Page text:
Explanations For Two Key Facts Need To Be Found: Long run faster growth in concert prices than inflation Short-run acceleration in prices the last 5 years
The Economics of Superstars Sherwin Rosen (AER 1981) If undergoing heart surgery, willing to pay a lot more for the best surgeon over the second best surgeon Imperfect substitutes Convex reward function Plus, size of market Best can reach more customers Human capital would not have a linear effect – twice as good paid more than twice as much
Superstars are known to a broader audience because of technology Improved technology differentiates the best from the rest and permits bigger audience (unlike Ms. Billington) Demand to hear the very best is higher Rewards for the best should rise Apply to Rock & Roll
Log Difference in Price for 1 Standard Deviation Change in Star Quality for Encyclopedia Bands The Return to Star Quality on Log Price Log Difference Note: Based on multiple regressions of log annual revenue on millimeters of print, year dummies and covariates. Sample consists of 10,043 artist/year observations. See Table 3, col. 4.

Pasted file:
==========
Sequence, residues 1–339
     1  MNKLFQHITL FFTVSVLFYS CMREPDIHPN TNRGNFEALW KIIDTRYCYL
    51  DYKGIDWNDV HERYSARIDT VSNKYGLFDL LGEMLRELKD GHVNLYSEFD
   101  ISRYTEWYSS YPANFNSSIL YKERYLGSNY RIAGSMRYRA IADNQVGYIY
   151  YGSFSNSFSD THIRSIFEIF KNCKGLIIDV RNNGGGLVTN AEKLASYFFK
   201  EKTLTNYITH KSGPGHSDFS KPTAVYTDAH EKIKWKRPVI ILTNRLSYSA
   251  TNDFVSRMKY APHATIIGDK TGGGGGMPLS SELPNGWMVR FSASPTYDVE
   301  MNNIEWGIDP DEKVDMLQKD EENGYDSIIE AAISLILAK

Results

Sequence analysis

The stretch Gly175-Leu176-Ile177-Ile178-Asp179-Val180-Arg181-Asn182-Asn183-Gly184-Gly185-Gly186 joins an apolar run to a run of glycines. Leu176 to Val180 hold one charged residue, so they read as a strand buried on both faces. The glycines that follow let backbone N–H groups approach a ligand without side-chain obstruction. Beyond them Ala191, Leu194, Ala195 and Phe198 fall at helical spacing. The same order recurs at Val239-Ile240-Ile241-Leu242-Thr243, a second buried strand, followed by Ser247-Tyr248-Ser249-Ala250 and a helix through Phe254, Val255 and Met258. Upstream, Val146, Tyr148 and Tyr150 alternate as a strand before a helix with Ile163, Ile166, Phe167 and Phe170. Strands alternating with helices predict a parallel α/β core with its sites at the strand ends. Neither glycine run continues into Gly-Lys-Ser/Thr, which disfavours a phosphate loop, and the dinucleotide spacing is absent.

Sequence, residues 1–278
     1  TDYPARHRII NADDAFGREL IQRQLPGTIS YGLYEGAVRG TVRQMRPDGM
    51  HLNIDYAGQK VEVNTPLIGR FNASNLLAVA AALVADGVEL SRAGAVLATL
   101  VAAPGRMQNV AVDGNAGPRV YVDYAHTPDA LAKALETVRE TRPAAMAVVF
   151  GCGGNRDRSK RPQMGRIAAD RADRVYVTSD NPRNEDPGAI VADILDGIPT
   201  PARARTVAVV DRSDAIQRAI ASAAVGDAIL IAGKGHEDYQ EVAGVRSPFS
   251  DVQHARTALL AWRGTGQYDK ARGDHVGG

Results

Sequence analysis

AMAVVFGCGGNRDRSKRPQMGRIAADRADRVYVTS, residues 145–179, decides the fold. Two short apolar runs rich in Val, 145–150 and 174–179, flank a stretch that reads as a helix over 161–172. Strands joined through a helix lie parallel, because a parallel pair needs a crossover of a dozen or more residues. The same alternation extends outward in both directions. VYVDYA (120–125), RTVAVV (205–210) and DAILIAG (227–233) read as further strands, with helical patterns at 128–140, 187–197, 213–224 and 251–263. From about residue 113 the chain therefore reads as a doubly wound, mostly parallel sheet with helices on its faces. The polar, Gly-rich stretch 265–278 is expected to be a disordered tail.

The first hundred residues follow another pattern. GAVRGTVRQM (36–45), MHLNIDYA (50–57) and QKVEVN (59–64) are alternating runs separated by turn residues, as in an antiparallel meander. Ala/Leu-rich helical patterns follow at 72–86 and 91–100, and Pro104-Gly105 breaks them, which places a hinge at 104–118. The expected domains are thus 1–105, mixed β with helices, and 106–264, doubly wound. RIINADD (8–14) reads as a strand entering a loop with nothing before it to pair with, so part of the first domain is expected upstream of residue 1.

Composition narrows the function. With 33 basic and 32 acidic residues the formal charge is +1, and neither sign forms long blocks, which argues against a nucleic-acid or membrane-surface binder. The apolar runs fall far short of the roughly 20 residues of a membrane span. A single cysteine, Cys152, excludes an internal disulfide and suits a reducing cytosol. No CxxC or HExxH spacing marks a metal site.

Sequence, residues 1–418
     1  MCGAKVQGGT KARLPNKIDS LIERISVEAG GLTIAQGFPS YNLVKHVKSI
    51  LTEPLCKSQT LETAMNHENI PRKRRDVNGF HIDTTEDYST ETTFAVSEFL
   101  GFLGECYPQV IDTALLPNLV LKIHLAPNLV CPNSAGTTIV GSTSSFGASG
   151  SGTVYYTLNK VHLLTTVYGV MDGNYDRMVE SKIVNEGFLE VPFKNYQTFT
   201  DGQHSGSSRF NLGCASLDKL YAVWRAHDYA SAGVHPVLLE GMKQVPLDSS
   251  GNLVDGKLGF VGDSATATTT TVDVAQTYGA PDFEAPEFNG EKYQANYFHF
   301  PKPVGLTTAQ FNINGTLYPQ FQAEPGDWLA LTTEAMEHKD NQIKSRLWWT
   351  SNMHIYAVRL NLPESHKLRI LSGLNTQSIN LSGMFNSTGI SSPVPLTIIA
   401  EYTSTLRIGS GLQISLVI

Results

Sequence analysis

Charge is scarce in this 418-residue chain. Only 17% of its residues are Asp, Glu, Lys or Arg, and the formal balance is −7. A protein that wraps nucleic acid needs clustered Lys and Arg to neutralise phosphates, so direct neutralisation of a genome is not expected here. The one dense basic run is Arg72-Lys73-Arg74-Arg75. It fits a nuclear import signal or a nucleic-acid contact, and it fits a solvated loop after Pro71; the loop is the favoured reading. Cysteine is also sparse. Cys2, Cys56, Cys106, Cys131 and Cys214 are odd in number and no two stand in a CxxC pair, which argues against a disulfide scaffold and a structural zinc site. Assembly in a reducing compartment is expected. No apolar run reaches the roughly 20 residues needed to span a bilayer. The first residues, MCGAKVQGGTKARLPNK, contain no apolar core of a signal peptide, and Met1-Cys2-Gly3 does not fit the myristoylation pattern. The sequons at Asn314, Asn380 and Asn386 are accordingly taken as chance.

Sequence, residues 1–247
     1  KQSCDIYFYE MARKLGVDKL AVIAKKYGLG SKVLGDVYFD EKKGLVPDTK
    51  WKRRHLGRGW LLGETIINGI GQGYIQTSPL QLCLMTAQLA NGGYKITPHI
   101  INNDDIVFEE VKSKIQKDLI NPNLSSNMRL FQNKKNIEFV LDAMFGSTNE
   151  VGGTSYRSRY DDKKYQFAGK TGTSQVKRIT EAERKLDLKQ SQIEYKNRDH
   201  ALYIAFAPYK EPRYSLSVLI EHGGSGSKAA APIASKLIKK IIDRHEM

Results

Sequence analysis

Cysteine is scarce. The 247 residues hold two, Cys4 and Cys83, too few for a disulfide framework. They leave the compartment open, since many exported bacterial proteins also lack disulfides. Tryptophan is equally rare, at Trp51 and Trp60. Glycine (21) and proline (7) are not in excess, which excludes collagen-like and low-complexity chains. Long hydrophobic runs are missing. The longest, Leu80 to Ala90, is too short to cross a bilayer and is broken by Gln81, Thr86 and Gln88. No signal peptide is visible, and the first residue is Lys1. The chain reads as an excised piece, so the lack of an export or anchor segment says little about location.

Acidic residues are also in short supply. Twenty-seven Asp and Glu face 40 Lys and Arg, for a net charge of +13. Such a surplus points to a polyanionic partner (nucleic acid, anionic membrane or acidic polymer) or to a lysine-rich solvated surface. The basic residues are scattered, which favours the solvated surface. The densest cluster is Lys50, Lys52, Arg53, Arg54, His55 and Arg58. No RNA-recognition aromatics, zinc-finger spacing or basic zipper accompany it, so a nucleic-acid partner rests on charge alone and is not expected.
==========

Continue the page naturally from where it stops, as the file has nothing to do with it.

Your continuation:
Effect of 1 SD Change in Star Quality on Log Revenue per Show for All Artists The Return to Star Quality on Revenue per Show Log Difference Note: Based on multiple regressions of log annual revenue on millimeters of print, year dummies and no. of support acts. Sample consists of 35,835 artist/year observations. See Table 1, col. 3.
Effect of 1 SD Change in Star Quality on Log Revenue per Show for Encyclopedia Bands The Return to Star Quality on Revenue per Show Log Difference Note: Based on multiple regressions of log annual revenue on millimeters of print, year dummies and covariates. Sample consists of 10,043 artist/year observations. \ See Table 3, col. 6.
GenderAge of Band Genre Note: Based on a multiple regression of log price on millimeters of print, age of band, gender of band, genre of music, foreign vs. U.S. group, and year dummies. Sample consists of 79,375 concerts performed by 1,253 artists. Weighted average price indexed to 2001 average price. Average Price for Selected Characteristics, All Else Equal
Tina Turner: Whats Age Got to Do With It? As Artists Age, the High-Low Ticket Price Ratio Rises Ratio of High to Low Price 19821986199119962000 1 1.5 2 2.5